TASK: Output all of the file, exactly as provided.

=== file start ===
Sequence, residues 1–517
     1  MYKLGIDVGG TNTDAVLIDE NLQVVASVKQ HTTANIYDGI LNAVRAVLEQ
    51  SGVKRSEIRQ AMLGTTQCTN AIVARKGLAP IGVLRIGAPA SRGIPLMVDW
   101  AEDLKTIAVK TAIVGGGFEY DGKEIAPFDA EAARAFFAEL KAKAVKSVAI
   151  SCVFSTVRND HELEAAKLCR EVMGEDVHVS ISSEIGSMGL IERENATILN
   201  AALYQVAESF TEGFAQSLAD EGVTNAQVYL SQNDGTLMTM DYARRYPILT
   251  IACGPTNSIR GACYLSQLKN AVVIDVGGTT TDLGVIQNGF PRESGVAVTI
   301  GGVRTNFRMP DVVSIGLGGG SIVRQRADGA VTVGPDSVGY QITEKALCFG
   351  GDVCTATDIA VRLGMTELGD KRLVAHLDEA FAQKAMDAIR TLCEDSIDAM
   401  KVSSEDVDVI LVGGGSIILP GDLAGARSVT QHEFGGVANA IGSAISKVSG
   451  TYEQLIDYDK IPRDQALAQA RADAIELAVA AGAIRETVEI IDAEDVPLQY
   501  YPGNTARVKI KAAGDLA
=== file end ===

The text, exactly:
Sequence, residues 1–517
     1  MYKLGIDVGG TNTDAVLIDE NLQVVASVKQ HTTANIYDGI LNAVRAVLEQ
    51  SGVKRSEIRQ AMLGTTQCTN AIVARKGLAP IGVLRIGAPA SRGIPLMVDW
   101  AEDLKTIAVK TAIVGGGFEY DGKEIAPFDA EAARAFFAEL KAKAVKSVAI
   151  SCVFSTVRND HELEAAKLCR EVMGEDVHVS ISSEIGSMGL IERENATILN
   201  AALYQVAESF TEGFAQSLAD EGVTNAQVYL SQNDGTLMTM DYARRYPILT
   251  IACGPTNSIR GACYLSQLKN AVVIDVGGTT TDLGVIQNGF PRESGVAVTI
   301  GGVRTNFRMP DVVSIGLGGG SIVRQRADGA VTVGPDSVGY QITEKALCFG
   351  GDVCTATDIA VRLGMTELGD KRLVAHLDEA FAQKAMDAIR TLCEDSIDAM
   401  KVSSEDVDVI LVGGGSIILP GDLAGARSVT QHEFGGVANA IGSAISKVSG
   451  TYEQLIDYDK IPRDQALAQA RADAIELAVA AGAIRETVEI IDAEDVPLQY
   501  YPGNTARVKI KAAGDLA